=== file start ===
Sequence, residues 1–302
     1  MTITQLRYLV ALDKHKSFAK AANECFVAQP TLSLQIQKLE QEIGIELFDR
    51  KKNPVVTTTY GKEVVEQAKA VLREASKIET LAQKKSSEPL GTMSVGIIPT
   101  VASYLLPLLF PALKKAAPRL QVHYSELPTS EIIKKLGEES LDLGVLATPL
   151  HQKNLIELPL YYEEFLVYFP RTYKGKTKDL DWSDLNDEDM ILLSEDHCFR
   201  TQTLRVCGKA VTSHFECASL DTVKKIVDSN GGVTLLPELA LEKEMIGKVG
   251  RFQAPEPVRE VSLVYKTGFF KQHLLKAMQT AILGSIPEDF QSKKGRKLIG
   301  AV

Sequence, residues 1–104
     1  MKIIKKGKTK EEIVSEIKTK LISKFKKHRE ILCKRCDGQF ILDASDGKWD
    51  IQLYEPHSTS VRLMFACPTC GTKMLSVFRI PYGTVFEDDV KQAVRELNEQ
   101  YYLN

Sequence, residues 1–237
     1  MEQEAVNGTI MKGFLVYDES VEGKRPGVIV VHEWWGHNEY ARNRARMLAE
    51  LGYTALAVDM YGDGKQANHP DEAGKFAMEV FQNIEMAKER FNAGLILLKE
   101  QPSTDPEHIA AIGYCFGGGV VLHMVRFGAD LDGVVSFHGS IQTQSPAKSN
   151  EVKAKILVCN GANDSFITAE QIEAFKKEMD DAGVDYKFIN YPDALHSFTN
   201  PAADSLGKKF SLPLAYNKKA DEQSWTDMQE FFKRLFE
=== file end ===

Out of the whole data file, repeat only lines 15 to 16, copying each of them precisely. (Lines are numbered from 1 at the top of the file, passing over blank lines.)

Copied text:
    51  LGYTALAVDM YGDGKQANHP DEAGKFAMEV FQNIEMAKER FNAGLILLKE
   101  QPSTDPEHIA AIGYCFGGGV VLHMVRFGAD LDGVVSFHGS IQTQSPAKSN